Global plastic pollution reducible by changing the type of labelling

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INSIGHT by Planet Tracker

Latest report from financial think-tank urges consumer companies to reconsider the type of labelling they use to boost recycling rates although Planet Tracker recognises that recycling is not a long-term solution to global plastic pollution.

Globally, recycling rates need to radically improve until plastic production rates decline. Currently less nine per cent of plastic waste is recycled and according to the latest research from financial think tank Planet Tracker, attention is too often focused on just the container when the right choice of label could be a game changer for the time being.

141 million tonnes of plastic packaging are currently produced every year, with the world’s leaders in plastic packaging consumption, including Coca-Cola, PepsiCo, Nestlé, Unilever, Mars and L’Oréal, using over 7.7 million tonnes in 2021. Increased regulation on higher recycled content in packaging has led to a rapid rise in the demand for recovered material. However, the availability of recycled plastics is not currently able to meet this rising demand.

This is resulting in increasing prices for recycled material. In 2022, the recycled PET pellet in Europe sold at a 51 per cent price premium to virgin (fossil fuel) feedstock at EUR 797 (USD 868) per tonne.


In fact, UK manufacturers currently prefer to pay the Plastic Tax at GBP 200 (USD 248) per tonne as it is cheaper than using recycled content in their packaging.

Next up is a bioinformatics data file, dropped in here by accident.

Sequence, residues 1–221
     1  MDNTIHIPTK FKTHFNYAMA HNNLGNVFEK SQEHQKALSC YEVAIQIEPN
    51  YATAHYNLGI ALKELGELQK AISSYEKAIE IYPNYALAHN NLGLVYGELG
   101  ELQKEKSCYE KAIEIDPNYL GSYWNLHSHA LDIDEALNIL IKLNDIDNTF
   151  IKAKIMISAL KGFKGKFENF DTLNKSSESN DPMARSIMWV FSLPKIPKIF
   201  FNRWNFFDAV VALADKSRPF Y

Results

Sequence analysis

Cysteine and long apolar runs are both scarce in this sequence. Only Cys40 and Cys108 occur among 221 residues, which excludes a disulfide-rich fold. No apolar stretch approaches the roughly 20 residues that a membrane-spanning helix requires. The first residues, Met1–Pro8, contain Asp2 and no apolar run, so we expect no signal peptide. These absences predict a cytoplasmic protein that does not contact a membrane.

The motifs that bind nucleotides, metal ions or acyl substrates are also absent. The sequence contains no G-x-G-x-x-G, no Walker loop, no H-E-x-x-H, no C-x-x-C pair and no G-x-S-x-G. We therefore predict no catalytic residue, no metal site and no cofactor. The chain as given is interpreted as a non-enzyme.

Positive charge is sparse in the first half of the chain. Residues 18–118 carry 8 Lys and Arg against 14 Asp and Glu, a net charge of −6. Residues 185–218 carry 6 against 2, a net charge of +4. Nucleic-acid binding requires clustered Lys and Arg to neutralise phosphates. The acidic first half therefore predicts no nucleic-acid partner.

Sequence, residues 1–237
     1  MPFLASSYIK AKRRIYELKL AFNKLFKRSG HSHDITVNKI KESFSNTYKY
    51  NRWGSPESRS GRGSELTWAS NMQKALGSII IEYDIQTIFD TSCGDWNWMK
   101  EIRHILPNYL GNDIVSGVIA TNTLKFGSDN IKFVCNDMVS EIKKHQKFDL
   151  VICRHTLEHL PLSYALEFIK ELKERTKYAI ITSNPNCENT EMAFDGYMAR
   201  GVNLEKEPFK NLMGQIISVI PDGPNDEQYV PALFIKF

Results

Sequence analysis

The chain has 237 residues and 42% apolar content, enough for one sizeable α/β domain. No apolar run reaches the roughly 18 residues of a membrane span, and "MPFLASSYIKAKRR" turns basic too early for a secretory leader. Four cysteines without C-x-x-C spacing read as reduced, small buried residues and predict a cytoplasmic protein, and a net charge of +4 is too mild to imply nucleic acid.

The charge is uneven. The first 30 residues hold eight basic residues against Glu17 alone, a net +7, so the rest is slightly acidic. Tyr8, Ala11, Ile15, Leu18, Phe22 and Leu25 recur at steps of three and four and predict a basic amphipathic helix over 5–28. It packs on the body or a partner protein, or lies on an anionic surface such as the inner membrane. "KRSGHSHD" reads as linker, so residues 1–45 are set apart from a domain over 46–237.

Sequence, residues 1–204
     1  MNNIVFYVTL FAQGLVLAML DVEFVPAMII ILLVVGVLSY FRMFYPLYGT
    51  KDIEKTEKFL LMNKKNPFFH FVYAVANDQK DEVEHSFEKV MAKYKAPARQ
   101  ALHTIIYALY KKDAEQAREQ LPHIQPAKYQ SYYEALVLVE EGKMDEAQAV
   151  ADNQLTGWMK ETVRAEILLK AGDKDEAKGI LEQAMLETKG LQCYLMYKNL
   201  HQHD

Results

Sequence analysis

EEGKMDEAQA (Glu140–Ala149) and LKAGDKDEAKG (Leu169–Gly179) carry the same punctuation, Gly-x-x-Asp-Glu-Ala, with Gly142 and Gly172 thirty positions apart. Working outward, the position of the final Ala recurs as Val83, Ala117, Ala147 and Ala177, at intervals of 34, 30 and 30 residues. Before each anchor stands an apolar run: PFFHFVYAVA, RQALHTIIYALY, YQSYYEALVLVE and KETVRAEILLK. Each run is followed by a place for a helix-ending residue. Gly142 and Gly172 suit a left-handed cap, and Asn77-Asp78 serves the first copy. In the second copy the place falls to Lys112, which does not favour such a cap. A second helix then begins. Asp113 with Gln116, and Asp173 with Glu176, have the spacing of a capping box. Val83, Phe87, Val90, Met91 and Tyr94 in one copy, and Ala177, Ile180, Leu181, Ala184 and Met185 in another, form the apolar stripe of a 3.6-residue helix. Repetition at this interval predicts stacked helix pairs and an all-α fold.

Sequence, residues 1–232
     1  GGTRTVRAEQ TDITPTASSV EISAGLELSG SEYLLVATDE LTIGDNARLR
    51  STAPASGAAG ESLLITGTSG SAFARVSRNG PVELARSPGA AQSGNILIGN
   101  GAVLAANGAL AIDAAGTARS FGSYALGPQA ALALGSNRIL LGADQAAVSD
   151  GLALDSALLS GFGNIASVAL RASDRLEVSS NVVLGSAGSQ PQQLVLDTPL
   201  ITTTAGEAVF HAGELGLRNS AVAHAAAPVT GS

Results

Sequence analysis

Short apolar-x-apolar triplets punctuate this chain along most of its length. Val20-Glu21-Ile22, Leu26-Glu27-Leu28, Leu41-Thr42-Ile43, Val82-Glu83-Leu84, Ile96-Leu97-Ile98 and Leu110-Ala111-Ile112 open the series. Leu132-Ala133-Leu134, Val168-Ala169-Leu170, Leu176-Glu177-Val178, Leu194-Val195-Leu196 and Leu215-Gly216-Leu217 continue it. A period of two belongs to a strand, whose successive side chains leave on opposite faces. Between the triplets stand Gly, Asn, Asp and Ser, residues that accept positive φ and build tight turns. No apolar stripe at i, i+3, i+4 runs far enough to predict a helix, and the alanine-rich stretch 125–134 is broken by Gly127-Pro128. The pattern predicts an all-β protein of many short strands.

In this report, Planet Tracker advocates for consumer brands to adopt a self-help approach that ensures the material of labels matches the material of the container, boosting recycling rates. In taking this approach, consumer brands could establish a closed loop recycling system that actively targets supply chain sustainability. A closed loop process is when plastic is recovered and the output is used to manufacture another product in the same product category.

Thalia Bofiliou, Senior Investment Analyst at Planet Tracker comments, “Across all sectors, global brands and retailers have made commitments to incorporate recycled content into their products. To improve the current supply of recycling products, industry needs to find solutions to reach these public commitments. If these consumer companies added a sleeve label ideally of the same material as the bottle, this would increase the supply of recycled material and therefore reduce the cost differential to the fossil fuel-based feedstock”.


All opinions expressed are those of the author and/or quoted sources. is an independent and neutral platform dedicated to generating debate around ESG investing topics.